Gingrich fascinated by Romney computer wipe
Republican Newt Gingrich had not heard of a controversy surrounding some of the final actions of rival Mitt Romney’s staff when Romney was governor of Massachusetts, but suggested the ploy might even turn up in one of his books in the future.
The Boston Globe reported this week that when Romney was leaving the statehouse in 2006 after one term as governor, eleven of his staff were allowed to use their own money to purchase their work computers’ hard drives, and the Romney administration’s emails were all wiped from a server.
“They did what?” Gingrich said when asked about it at a press conference in Cambridge, Massachusetts, after a film screening. “I’m now in non-candidate mode, of simply being curious as a citizen.”
Gingrich said he had “no idea” what Romney or his staff might have hoped to achieve, adding, “you should ask him that.”
“As a novelist, by the way, it’s a lot of fun,” he added.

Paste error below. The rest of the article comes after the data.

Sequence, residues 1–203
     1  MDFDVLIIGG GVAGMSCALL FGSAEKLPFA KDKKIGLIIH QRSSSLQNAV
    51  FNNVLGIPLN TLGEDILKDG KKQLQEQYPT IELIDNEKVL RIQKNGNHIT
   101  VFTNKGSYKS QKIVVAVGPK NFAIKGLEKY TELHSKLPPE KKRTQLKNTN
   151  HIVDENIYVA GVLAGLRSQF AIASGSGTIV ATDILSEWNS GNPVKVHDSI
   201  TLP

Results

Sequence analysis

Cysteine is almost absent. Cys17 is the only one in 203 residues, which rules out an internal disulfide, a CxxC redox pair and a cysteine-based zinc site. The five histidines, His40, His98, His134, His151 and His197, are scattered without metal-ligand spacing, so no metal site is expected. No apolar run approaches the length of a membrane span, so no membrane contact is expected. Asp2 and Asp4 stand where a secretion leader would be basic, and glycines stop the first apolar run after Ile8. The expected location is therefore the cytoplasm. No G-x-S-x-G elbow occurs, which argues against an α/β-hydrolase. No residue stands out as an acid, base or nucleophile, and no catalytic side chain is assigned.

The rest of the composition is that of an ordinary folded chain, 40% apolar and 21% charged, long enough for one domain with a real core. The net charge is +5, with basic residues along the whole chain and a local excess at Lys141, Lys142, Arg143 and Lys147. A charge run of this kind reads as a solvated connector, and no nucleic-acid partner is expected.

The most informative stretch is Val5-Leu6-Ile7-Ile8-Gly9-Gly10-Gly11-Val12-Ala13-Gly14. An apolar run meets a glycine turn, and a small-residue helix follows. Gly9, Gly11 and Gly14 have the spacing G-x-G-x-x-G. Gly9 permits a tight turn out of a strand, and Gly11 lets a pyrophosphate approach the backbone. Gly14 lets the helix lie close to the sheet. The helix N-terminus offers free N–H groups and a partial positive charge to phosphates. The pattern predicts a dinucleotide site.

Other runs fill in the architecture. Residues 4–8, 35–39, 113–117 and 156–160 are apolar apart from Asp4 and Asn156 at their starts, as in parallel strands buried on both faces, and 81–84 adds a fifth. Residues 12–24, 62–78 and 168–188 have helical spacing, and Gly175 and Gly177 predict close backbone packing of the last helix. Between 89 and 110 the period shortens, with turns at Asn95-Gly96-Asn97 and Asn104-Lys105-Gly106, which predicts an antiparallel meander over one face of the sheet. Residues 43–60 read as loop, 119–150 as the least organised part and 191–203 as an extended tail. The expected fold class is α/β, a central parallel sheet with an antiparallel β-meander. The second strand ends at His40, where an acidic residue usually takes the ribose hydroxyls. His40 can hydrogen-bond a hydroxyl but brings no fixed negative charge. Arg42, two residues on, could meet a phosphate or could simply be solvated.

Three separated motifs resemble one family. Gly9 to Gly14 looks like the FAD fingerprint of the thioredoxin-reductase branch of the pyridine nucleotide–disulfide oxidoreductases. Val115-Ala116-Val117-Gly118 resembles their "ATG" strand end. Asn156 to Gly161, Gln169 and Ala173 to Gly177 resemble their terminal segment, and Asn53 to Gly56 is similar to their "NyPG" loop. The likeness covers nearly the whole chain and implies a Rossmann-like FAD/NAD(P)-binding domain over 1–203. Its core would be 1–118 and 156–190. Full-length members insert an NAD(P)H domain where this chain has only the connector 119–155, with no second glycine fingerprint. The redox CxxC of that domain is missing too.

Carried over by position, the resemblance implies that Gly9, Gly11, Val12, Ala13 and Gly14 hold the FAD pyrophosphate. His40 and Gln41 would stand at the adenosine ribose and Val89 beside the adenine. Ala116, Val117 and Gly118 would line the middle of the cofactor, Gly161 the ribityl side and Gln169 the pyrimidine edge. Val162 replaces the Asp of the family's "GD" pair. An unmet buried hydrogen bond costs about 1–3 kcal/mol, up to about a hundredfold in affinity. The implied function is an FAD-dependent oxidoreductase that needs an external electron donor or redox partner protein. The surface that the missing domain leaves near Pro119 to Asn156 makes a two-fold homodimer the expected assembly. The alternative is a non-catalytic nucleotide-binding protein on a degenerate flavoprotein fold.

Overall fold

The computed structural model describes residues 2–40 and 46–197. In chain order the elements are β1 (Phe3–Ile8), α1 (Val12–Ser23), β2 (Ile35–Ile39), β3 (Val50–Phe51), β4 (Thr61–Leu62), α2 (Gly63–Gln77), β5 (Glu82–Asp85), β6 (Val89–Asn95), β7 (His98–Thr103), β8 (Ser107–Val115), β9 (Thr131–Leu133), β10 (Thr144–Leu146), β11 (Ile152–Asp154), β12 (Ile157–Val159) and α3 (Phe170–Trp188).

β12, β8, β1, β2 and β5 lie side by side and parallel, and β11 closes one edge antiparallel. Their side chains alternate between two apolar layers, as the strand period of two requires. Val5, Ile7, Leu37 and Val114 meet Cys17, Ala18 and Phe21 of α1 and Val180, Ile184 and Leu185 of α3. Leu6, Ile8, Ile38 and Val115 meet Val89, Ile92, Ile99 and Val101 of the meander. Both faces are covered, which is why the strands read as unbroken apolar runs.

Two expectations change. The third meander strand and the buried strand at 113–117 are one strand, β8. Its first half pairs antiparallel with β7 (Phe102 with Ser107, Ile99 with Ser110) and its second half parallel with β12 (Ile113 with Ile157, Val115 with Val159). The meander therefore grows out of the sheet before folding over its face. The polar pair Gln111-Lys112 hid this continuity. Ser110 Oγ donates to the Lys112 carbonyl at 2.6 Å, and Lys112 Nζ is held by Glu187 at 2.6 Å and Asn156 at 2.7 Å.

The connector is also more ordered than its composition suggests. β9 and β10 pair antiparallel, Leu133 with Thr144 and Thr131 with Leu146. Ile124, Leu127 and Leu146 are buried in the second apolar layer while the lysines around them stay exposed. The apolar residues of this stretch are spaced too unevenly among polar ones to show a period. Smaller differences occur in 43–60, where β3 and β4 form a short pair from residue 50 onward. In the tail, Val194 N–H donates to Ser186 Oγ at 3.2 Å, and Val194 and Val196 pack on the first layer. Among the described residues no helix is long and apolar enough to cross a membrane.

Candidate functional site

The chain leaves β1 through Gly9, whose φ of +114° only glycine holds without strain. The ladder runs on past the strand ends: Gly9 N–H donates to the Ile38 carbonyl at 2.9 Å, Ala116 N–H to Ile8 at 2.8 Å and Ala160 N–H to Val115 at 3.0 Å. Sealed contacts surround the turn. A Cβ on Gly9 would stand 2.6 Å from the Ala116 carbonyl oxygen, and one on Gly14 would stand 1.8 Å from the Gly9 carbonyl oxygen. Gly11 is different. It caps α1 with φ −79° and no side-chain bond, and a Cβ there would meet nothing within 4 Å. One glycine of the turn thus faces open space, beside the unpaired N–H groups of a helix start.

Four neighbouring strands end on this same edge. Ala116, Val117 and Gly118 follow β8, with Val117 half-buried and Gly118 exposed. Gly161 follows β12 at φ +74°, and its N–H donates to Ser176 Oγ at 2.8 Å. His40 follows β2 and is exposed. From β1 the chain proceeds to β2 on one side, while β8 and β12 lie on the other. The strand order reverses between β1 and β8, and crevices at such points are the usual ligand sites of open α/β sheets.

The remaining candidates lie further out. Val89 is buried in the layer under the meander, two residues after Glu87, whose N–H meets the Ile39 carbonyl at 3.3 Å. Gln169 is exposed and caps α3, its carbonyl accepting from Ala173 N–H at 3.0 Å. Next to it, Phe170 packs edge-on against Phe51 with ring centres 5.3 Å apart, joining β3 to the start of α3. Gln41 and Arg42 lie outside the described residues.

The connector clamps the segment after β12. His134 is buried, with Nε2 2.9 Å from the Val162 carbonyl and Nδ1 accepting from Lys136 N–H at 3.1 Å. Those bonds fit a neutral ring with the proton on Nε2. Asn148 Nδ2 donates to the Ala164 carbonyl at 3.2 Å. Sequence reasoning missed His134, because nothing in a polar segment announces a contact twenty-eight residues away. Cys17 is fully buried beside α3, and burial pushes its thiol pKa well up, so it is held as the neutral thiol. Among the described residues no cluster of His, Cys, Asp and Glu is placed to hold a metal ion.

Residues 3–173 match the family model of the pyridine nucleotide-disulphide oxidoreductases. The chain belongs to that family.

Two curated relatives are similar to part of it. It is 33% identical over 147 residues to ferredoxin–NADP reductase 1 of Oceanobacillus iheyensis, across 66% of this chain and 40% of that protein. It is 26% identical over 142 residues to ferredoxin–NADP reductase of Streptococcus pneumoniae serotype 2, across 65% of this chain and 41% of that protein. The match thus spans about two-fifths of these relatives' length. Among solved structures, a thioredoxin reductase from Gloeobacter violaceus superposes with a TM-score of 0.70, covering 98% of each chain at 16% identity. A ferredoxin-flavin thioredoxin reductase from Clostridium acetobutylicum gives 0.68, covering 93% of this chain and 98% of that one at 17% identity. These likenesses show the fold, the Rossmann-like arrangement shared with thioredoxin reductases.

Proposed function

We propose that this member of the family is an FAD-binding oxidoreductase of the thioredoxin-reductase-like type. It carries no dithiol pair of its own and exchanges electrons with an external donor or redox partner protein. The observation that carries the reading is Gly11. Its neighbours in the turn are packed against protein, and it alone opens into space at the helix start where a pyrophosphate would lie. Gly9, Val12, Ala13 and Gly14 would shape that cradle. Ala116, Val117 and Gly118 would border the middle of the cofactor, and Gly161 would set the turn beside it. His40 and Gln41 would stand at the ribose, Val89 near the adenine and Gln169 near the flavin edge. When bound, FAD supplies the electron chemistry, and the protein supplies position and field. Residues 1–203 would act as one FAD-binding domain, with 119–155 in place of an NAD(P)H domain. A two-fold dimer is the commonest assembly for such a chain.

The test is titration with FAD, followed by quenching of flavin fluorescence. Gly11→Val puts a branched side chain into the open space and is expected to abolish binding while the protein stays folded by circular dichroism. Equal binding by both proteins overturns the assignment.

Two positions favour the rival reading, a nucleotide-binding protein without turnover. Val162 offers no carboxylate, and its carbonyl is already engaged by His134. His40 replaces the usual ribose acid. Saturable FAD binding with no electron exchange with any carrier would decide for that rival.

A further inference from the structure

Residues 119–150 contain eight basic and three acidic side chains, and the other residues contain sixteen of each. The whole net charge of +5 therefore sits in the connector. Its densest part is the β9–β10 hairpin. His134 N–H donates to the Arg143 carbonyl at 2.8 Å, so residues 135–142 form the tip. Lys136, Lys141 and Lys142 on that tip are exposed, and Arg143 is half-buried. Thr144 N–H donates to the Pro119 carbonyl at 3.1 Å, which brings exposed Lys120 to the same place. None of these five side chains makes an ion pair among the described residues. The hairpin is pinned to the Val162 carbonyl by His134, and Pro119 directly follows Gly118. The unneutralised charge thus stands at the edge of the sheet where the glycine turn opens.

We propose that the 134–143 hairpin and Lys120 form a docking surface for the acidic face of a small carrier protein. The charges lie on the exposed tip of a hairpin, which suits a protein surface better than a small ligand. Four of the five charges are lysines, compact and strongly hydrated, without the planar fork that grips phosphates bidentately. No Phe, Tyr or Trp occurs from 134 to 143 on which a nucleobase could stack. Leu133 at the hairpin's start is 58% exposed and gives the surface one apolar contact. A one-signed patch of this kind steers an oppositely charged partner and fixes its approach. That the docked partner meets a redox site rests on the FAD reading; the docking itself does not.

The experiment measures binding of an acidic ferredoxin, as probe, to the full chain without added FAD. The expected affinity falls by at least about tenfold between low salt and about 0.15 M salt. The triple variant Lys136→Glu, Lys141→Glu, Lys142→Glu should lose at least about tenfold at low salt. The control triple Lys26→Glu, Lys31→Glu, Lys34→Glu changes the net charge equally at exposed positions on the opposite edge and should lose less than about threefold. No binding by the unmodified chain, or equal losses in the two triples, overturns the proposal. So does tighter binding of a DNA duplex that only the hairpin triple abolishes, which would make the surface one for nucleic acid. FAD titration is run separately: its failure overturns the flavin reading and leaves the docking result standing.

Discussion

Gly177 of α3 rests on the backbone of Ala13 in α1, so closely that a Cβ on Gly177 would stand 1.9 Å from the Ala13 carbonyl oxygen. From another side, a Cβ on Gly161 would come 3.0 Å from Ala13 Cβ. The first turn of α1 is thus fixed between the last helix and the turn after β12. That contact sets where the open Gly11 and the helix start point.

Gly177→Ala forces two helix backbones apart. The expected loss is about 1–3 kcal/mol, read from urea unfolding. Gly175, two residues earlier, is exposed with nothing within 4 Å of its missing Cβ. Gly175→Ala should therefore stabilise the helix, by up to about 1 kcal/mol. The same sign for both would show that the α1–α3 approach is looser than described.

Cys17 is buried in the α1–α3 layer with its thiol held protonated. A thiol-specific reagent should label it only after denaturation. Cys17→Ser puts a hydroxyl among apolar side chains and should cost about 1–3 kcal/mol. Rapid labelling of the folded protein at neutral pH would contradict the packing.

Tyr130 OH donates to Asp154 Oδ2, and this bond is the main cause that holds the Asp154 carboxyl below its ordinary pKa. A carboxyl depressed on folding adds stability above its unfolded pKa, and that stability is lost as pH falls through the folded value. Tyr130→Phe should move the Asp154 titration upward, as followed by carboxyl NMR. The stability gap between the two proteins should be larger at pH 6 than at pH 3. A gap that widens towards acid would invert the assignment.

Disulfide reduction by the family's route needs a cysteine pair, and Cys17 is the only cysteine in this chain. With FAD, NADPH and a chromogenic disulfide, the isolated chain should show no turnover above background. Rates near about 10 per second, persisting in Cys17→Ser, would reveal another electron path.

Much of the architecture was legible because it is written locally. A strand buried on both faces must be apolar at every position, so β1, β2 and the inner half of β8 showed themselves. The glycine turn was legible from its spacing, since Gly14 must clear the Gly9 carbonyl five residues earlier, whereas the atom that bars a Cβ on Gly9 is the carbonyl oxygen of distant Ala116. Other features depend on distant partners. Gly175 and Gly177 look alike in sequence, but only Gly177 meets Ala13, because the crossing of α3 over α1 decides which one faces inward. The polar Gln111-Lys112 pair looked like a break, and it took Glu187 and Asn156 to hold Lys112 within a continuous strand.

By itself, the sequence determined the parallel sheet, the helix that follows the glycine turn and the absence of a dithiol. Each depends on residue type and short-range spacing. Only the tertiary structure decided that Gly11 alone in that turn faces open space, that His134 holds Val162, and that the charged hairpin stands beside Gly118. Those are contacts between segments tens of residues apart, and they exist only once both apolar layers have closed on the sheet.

Romney, campaigning in New Hampshire on Friday, said he and his staff “followed the law as intended and as written.”
The Romney campaign has attempted to use the controversy as a fundraising tool. Campaign manager Matt Rhoades sent an email late on Friday linking Massachusetts governor Deval Patrick, an ally of Barack Obama, with the computer story.
“It is evident that your office has become an opposition research arm of the Obama reelection campaign,” Rhoades wrote to Patrick, demanding copies of any correspondence between Patrick’s staff and Obama’s aides from 2007 onward.
PHOTO CREDIT: REUTERS/Adam Hunger (Newt Gingrich speaks as his wife, Callista, looks on at John F. Kennedy School of Government at Harvard University in Cambridge, Massachusetts, November 18, 2011.)